COVID-19 drug remdesivir recommended for EU approval

The EMA’s human medicines committee (CHMP) has recommended granting a conditional marketing authorisation to Gilead’s COVID-19 treatment remdesivir – making it the first drug of its kind to be given such a recommendation in the EU.

The drug was recommended for the treatment of COVID-19 in adults and adolescents from 12 years of age with pneumonia who require supplemental oxygen.

It comes a little over two weeks after the EMA said it would fast track its review of remdesivir.

A conditional marketing authorisation allows the EMA to recommend a medicine for marketing authorisation with less complete data than normally expected, if the benefit of a medicine’s immediate availability to patients outweighs the risk inherent to the fact that not all the data are yet available.

Gilead will have to submit the final reports of the remdesivir studies by December 2020, and further data on the quality of the medicine, as well as the final data on mortality, by August 2020. 

The EMA said that the current data on remdesivir was assessed in an “exceptionally short timeframe” through a “rolling review” procedure, an approach used by the agency during public health emergencies to assess data as they become available. 

From the end of April, the CHMP began assessing data on quality and manufacturing, non-clinical data, preliminary clinical data and supporting safety data from compassionate use programmes, well in advance of the submission on 5 June.

The European Commission will continue to fast-track the decision-making process and aims to grant a decision on the conditional marketing authorisation for remdesivir “in the coming week”, according to a statement.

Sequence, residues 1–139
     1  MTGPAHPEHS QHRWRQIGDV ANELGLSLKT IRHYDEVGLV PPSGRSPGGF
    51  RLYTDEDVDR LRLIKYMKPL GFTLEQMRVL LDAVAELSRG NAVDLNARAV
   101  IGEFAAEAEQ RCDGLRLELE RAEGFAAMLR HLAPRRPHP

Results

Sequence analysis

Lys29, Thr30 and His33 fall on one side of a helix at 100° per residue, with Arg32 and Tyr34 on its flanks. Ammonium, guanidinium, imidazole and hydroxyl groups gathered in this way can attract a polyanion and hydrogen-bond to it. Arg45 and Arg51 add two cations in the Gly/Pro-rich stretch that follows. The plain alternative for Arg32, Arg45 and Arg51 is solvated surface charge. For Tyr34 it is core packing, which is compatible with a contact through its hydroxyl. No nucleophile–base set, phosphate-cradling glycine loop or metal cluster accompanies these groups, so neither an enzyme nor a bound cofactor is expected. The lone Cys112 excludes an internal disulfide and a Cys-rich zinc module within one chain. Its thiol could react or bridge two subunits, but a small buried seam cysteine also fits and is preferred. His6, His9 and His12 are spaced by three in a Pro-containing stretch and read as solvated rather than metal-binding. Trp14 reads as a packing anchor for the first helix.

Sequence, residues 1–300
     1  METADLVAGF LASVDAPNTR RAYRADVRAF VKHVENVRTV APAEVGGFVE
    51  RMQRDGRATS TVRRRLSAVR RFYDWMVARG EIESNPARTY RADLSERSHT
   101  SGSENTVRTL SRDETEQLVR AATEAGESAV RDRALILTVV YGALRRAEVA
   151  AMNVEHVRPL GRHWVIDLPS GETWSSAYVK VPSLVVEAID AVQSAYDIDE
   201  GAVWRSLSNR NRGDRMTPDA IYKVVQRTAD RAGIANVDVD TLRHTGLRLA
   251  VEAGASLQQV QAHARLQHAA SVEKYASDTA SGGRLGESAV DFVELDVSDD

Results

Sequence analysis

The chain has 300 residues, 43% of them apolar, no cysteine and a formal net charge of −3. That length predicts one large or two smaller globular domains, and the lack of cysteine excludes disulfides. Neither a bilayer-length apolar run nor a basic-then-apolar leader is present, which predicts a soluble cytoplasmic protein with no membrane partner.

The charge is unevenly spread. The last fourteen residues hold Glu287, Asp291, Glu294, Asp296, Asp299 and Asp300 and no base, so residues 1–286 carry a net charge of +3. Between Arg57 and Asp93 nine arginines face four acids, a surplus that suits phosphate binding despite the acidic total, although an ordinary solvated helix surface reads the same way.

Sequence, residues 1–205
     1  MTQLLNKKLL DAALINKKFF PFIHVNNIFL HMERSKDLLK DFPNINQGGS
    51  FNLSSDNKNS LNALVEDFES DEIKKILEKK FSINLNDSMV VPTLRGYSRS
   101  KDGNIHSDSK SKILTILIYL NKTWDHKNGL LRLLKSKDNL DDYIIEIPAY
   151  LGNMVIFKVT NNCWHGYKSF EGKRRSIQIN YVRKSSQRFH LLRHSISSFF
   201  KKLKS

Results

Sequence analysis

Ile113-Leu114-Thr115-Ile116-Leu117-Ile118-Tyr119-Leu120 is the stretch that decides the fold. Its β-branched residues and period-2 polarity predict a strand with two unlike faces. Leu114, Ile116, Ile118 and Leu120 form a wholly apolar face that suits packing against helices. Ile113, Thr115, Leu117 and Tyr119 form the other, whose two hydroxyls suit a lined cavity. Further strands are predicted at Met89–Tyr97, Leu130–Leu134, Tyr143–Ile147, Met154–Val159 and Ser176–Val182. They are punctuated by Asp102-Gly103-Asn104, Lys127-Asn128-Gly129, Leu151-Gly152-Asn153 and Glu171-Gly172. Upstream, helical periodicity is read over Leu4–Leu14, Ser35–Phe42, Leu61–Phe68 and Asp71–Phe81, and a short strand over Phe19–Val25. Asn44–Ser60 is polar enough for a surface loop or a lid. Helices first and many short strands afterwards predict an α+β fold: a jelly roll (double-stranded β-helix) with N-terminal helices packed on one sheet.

Remdesivir is the first drug to have shown a benefit in COVID-19 patients in clinical trials, albeit a modest one, and has previously been cleared for compassionate use by the EMA.

The drug already has accelerated clearance in Japan, where it is distributed as Veklury, and has been granted emergency use approvals in other countries including the US, India and South Korea. The UK had the go-ahead for remdesivir use in selected patients last month under its Early Access to Medicines Scheme (EAMS).

Regulatory approval will not necessarily translate into access to the drug of course, with countries around the world clamouring for supplies amid the pandemic, while Gilead says it is working at breakneck speed to ramp up production and will donate the first 1.5 million vials of the medicine.

The company’s timeline for production is more than half a million treatment courses by October, one million by December and “several million courses in 2021, if required.”

SVB Leerink analyst Geoffrey Porges has said that sales of the drug could reach $7.7 billion in 2022, assuming a price of around $5,000 per course in the US and $4,000 in Europe and of course that a vaccine doesn’t emerge that can eliminate the pandemic.

Gilead CEO Daniel O’Day pledged to make remdesivir “affordable”, after trials showed it cut recovery time in serious cases for the first time at the end of April.

Since then, another phase 3 trial has shown that a five-day treatment course with remdesivir on top of standard care was more effective than standard care alone in moderately-ill patients, although strangely a 10-day course wasn’t any better.

Analysts have suggested the totality of clinical data for the drug show some level of efficacy, with additional therapeutic options still needed to improve outcomes.

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